FROM POWER TO THE DOCK
Trump this week looked a lot like a man who will one day sit, like Jacob Zuma, in the accused’s chair
There was an outstanding picture circulated on Twitter and other social media platforms last week. It is a picture of Jacob Zuma, the former president of our fine republic (it is a fine republic if you temporarily forget the load-shedding during a weekend when the world’s stars were in Joburg to honour Nelson Mandela).
The picture is shot from the side. Zuma’s hands are on his knees and he is sitting, head and upper body forward, alone. He was in the dock at his appearance in court last week on 16 charges that include fraud‚ corruption and racketeering.
Zuma felt unwell during his appearance last week. He had some water. His lawyer said he had low blood pressure and he was given a sugary soft drink.
He didn’t greet his supporters when he went into court as he felt too unwell to even say hello.
That picture, depicting Zuma in his vulnerability and ignominy, evoked memories of Zuma 15 years ago. By 2003 rumours of the payments he had received were circulating. Investigators were sniffing around.
But Zuma and his supporters didn’t give a damn. In 2003 Zuma was about to start an incredible 15-year run of crooked dominance over SA.
In 2005, after he was charged with corruption and racketeering, he scored a major victory by getting his supporters to restore his powers as deputy president of the ANC despite Thabo Mbeki’s caution that this would send the wrong message about the party’s seriousness about corruption and accountability. It was a pivotal moment which changed the ANC’S culture: whereas Mbeki had suspended Zuma until such time as he was cleared, the Zuma ANC brought along a new principle.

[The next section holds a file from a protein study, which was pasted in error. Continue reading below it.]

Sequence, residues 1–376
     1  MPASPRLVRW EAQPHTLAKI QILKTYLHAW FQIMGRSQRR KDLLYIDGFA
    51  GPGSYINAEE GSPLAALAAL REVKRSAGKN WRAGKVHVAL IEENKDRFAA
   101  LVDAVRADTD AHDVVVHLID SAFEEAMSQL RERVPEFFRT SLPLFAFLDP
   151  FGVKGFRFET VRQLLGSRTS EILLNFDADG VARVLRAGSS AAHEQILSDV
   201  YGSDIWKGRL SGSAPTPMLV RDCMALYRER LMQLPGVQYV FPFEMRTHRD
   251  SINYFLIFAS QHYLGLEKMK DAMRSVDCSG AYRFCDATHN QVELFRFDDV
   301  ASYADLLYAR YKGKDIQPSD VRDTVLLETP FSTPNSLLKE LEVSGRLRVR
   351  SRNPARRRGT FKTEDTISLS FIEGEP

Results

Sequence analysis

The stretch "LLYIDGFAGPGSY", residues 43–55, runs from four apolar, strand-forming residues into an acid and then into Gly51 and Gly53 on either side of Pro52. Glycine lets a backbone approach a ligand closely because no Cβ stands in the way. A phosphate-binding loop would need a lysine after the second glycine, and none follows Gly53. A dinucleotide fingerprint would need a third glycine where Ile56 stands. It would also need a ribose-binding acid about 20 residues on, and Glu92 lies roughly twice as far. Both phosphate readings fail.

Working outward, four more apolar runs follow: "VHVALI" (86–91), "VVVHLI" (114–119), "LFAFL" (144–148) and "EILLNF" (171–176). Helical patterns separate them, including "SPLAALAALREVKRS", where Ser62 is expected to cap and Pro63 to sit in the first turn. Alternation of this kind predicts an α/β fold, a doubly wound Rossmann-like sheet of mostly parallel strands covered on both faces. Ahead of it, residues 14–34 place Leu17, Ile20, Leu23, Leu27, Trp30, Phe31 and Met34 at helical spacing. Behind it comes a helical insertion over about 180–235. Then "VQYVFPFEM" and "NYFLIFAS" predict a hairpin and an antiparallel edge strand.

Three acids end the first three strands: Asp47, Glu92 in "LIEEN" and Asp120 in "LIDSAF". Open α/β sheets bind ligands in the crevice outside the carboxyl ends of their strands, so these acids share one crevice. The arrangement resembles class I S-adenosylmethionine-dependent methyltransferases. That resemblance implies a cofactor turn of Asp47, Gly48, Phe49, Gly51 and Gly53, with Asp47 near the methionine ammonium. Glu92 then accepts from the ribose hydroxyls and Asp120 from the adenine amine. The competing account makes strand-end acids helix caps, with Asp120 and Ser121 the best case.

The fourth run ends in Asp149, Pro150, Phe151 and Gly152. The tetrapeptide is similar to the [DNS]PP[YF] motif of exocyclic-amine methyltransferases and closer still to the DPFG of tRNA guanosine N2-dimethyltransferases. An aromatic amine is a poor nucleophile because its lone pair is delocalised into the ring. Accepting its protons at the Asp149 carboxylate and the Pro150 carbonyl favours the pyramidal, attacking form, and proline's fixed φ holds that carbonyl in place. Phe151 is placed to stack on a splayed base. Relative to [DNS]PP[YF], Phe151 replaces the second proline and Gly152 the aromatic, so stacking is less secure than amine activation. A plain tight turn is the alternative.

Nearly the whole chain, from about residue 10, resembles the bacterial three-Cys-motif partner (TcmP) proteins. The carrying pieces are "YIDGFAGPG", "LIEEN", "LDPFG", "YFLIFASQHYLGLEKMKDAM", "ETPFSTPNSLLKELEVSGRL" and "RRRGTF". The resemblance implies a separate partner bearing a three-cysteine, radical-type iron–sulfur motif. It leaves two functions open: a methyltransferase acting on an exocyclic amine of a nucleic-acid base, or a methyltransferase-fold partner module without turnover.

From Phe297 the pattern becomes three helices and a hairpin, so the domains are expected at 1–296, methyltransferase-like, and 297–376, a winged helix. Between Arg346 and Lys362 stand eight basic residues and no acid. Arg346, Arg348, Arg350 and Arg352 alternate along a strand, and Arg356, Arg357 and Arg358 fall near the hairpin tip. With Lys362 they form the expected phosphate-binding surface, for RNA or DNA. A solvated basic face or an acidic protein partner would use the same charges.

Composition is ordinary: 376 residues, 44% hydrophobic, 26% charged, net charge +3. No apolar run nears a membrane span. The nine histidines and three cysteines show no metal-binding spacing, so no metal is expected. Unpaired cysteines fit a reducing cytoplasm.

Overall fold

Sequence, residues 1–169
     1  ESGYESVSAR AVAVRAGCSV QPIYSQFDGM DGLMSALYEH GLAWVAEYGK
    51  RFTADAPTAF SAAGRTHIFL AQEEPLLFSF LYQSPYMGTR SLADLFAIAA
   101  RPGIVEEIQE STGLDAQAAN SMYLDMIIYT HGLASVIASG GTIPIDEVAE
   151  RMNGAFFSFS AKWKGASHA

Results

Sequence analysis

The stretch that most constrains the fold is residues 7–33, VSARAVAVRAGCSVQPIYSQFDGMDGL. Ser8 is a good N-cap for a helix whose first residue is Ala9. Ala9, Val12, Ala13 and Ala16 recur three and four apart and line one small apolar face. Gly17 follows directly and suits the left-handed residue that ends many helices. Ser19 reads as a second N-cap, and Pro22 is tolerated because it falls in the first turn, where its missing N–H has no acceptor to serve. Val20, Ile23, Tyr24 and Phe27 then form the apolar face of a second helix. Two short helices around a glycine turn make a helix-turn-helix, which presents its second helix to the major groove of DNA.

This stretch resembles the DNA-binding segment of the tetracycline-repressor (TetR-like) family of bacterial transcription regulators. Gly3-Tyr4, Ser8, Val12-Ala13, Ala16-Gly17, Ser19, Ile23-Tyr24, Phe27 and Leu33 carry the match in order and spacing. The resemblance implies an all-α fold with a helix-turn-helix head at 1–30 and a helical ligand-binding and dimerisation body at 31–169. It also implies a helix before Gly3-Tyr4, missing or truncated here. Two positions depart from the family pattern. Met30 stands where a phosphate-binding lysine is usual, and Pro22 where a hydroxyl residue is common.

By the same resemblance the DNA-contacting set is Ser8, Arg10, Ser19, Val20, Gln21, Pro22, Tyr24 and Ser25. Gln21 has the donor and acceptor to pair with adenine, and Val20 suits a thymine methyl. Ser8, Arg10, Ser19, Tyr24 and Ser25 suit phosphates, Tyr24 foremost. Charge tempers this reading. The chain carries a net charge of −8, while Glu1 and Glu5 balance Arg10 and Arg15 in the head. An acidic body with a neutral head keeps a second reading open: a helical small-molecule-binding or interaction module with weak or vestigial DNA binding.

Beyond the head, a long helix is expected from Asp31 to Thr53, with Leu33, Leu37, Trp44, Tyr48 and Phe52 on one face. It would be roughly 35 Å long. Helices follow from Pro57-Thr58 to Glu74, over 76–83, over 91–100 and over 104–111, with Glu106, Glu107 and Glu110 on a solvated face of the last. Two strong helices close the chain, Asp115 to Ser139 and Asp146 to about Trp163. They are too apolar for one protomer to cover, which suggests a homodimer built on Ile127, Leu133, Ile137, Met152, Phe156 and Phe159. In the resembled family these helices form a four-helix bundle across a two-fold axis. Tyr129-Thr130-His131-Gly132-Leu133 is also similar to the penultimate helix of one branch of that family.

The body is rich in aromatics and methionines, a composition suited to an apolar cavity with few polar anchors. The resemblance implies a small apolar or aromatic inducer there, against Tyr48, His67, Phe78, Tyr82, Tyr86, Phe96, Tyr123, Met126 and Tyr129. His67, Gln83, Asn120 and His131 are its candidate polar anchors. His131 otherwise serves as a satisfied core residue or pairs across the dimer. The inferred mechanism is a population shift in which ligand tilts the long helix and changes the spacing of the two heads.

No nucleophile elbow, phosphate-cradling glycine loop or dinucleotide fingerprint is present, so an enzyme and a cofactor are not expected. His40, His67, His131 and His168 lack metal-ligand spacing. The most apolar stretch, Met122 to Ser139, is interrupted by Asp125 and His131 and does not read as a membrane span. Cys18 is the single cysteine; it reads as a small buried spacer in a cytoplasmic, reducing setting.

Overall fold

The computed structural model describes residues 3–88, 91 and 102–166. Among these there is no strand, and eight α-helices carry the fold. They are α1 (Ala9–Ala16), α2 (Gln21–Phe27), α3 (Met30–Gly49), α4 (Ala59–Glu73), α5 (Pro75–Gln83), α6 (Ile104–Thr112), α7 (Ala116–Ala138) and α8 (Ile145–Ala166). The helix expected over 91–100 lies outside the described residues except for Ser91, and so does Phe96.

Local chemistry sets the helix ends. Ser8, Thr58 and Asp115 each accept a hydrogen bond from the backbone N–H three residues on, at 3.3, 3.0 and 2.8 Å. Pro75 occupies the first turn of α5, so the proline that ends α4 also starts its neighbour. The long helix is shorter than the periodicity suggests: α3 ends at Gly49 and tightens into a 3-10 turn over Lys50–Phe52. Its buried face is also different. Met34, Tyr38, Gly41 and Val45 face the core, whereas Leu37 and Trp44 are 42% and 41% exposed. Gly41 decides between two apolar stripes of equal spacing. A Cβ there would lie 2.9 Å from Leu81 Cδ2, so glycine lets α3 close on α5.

It was that you could shamelessly continue in your post — even having power over the institutions that are meant to investigate you — while you faced serious allegations. The idea of stepping aside was demolished.
That led to the rampant rise of corruption throughout the system.
From 2007 to 2017 a new culture took hold. ANC leaders like Gwede Mantashe, Blade Nzimande and many others lost their backbones. They became rabid defenders of Zuma.
Socially, they would laugh uproariously at his jokes even when they were patently unfunny or, worse, sexist and homophobic.
The cult of the personality took root.
That picture of Zuma in the dock reminded me that he was once invincible; that he was once the alpha and omega of the ANC; that he built around himself an army of acolytes, from Julius Malema to Mzwanele Manyi to Atul
Gupta to Nathi Mthethwa, who poisoned our political culture on his behalf.
I am writing this column in a US where President Donald Trump spent most of last week lashing out against the special counsel investigation into the Russian government’s efforts to interfere in the 2016 US presidential elections. Trump has attacked the special counsel, Robert Mueller, and called the investigation a witch-hunt. Just as Zuma and his acolytes attacked Thuli Madonsela, the admirable former public protector of SA.
Mueller and his team are closing in on Trump’s associates, and by implication on him. Last week Trump’s former longtime lawyer Michael Cohen admitted that well into the presidential campaign in 2016, he and others working for Trump negotiated with important Russians over the building of a possible multimillion-dollar
Trump Tower development in Moscow. E-mail evidence now suggests that Trump’s children Don Jr and Ivanka, and Trump himself, knew about these meetings and lied about them.
The plea deal that Paul Manafort, Trump’s former campaign chair, struck with Mueller fell apart after he repeatedly lied about his business dealings in the Ukraine — with links to Trump. In August Manafort was found guilty on eight felony counts of financial crimes.
Trump blusters and shouts down opponents and critics. He seems invincible.
This past week he seemed tired, confused and afraid.
The demise of Trump has been predicted by many. This week he looked a lot like a man who will one day sit, like Zuma, in the accused’s chair.
Too many of his people have already admitted to crimes.
ANC leaders like Gwede Mantashe, Blade Nzimande and many others lost their backbones